His neighbour element in his revenge:

7

8

Then gin the blustring brethren boldly threat
To move the world from off his stedfast henge,
And boystrous battaile make, each other to avenge.

XXII.

The steely head stuck fast still in his flesh,
Till with his cruell clawes he snatcht the wood,
And quite asunder broke: Forth flowed fresh

1 Hable might, proper might.

2 Pounces, claws.

3 Trusse, bear aloft.

▲ Thrillant, piercing, sharp.

Embosse, enclose.

6 Uncouth, strange.

7 As, as if.

8 Henge, hinge.

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XX. 1. — He so disseized, &c.] Literally, he so dispossessed of his great grasping, or the large object he had grasped. Disseized is a law term, meaning dispossessed.

A gushing river of blacke gory blood,

That drowned all the land, whereon he stood;
The streame thereof would drive a water-mill :
Trebly augmented was his furious mood

With bitter sence of his deepe rooted ill,

That flames of fire he threw forth from his large nosethrill.

XXIII.

His hideous tayle then hurled he about,
And therewith all enwrapt the nimble thyes
Of his froth-fomy steed, whose courage stout
Striving to loose the knott that fast him tyes,
Himselfe in streighter bandes too rash implyes,1
That to the ground he is perforce constraynd
To throw his ryder: who can quickly ryse
From off the earth, with durty blood distaynd,
For that reprochfull fall right fowly he disdaynd;

XXIV.

And fercely tooke his trenchand blade in hand,
With which he stroke so furious and so fell,

That nothing seemd the puissaunce could withstand:
Upon his crest the hardned yron fell;

But his more hardned crest was armd so well,
That deeper 3 dint therein it would not make;
Yet so extremely did the buffe him quell,
That from thenceforth he shund the like to take,
But, when he saw them come, he did them still forsake.1

XXV.

The Knight was wroth to see his stroke beguyld,
And smot againe with more outrageous might;

1 Implyes, entangles.
2 Trenchand, cutting.

XXII. 8.in his body. VOL. I.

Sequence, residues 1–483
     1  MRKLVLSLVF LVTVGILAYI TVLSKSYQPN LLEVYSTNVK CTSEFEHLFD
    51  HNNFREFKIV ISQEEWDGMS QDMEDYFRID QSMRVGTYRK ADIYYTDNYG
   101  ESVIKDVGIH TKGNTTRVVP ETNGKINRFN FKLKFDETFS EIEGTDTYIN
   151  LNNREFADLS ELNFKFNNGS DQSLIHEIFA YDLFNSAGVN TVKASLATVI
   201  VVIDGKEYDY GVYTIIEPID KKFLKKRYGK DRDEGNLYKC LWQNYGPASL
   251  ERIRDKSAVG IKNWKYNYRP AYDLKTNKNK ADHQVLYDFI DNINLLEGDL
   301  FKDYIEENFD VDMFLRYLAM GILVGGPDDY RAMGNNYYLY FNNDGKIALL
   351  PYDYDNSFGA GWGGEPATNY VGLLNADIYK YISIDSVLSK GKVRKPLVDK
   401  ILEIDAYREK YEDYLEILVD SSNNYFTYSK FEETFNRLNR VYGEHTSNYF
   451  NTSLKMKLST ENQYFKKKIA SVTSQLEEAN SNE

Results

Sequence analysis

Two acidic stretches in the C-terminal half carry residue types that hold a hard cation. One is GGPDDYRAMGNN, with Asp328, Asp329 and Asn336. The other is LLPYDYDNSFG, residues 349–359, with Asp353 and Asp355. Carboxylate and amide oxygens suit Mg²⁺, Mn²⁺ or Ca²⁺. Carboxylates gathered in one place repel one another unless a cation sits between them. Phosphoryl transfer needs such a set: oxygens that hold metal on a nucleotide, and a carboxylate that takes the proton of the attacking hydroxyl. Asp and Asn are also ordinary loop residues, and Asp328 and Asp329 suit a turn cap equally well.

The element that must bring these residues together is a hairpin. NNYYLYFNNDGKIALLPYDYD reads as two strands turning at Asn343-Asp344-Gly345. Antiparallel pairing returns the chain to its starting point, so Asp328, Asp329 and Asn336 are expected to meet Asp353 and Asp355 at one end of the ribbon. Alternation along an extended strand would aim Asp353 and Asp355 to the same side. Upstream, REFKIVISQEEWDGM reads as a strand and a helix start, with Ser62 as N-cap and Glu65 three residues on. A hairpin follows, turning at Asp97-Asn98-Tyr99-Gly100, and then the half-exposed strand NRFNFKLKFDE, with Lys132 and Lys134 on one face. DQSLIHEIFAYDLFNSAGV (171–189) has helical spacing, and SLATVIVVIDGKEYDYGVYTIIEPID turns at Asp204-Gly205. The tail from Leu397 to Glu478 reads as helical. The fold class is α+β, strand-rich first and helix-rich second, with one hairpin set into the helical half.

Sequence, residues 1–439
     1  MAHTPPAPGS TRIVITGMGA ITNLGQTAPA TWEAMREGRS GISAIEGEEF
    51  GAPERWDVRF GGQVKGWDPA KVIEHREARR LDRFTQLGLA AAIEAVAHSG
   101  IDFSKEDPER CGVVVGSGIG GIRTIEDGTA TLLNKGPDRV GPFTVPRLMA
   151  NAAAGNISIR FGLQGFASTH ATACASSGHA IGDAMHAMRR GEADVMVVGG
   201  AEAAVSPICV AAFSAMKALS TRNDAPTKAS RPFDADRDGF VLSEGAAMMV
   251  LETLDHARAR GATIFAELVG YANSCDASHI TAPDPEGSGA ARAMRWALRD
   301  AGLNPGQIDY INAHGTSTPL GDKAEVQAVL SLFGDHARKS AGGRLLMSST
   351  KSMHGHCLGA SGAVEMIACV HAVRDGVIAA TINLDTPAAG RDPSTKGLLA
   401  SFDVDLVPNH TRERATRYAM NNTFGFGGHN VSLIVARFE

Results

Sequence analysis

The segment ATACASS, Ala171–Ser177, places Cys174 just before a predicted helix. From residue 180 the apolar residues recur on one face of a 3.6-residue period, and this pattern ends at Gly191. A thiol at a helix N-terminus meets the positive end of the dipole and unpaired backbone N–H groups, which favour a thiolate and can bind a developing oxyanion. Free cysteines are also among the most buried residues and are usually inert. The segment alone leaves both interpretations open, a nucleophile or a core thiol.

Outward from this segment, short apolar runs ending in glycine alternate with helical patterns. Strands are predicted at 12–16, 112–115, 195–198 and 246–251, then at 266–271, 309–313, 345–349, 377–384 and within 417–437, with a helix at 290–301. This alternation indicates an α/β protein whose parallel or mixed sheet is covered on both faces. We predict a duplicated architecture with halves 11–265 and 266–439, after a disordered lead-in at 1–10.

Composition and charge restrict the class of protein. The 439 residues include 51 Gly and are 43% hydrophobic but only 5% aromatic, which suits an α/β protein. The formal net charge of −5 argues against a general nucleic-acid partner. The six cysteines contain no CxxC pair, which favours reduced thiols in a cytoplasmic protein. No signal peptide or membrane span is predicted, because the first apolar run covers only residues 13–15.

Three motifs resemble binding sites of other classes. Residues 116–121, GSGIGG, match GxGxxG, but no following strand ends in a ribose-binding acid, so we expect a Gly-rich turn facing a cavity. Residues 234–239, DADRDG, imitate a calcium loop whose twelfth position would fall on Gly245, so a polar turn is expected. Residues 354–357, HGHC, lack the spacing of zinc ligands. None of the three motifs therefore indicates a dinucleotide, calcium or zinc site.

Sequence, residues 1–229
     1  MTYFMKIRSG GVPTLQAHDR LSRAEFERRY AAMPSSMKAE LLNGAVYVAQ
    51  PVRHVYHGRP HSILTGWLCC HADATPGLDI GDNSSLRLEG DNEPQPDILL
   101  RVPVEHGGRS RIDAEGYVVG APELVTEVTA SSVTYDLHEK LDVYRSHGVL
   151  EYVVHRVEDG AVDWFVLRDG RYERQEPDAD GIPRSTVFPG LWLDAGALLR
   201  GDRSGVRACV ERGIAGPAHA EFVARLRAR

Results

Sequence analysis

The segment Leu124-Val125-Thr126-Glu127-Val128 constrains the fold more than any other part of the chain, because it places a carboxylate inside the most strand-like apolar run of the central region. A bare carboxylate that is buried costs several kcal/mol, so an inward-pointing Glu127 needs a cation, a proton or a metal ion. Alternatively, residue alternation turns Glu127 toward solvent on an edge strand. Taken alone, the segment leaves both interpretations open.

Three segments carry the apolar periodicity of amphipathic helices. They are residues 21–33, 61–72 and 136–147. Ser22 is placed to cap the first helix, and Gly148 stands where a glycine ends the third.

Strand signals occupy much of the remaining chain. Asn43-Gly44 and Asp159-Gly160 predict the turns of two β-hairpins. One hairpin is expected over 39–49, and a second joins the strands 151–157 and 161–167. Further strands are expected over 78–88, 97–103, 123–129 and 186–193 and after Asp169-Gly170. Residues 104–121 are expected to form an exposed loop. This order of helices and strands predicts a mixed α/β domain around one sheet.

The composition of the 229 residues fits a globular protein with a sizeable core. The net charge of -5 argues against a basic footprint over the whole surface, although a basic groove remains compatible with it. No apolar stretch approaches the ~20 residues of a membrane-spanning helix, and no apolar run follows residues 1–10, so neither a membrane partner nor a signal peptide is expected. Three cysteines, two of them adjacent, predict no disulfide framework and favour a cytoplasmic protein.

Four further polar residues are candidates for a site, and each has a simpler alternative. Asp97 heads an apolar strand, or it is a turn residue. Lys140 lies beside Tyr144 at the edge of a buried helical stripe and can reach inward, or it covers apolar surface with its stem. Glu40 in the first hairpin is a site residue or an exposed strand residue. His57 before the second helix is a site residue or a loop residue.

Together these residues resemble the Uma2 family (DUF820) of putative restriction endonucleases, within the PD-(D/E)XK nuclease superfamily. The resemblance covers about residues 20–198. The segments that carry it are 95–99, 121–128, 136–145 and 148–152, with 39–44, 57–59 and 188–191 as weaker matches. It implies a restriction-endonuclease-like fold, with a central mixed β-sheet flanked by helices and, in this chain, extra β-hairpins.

2

Deepe rooted ill.] The spear-head, which still remained

20

3 Deeper, deep.

4 Forsake, avoid.

But backe againe the sparcling steele recoyld,
And left not any marke where it did light,
As if in adamant rocke it had beene pight.1
The Beast, impatient of his smarting wound
And of so fierce and forcible despight,

Thought with his winges to stye2 above the ground; But his late wounded wing unserviceable found.

XXVI.

Then, full of grief and anguish vehement,
He lowdly brayd, that like was never heard ;
And from his wide devouring oven sent

A flake of fire, that, flashing in his beard,
Him all amazd, and almost made afeard:
The scorching flame sore swinged 3 all his face,
And through his armour all his body seard,+
That he could not endure so cruell cace,
But thought his armes to leave, and helmet to unlace.

XXVII.

Not that great champion of the antique world, Whom famous poetes verse so much doth vaunt, And hath for twelve huge labours high extold, So many furies and sharpe fits did haunt, When him the poysoned garment did enchaunt, With Centaures blood and bloody verses charmd; As did this Knight twelve thousand dolours daunt, Whom fyrie steele now burnt, that erst 5 him armd; That erst him goodly armd, now most of all him harmd.

1 Pight, placed or thrust.
4 Seard, burned.

2 Stye, mount. 3 Swinged, singed. 5 Erst, before.

XXVII. 6. With Centaures blood, &c.] This alludes to the wellknown classical story of the garment sent by Dejanira to Hercules, which had been steeped in the blood of the Centaur Nessus, and which occasioned the death of Hercules.